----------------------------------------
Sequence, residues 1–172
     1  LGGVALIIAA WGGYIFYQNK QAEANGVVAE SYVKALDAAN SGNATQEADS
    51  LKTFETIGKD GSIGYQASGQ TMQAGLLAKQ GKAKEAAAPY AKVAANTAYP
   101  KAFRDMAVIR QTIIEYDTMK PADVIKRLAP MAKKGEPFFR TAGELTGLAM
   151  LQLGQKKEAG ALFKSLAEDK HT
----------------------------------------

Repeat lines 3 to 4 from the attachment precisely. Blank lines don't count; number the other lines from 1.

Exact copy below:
    51  LKTFETIGKD GSIGYQASGQ TMQAGLLAKQ GKAKEAAAPY AKVAANTAYP
   101  KAFRDMAVIR QTIIEYDTMK PADVIKRLAP MAKKGEPFFR TAGELTGLAM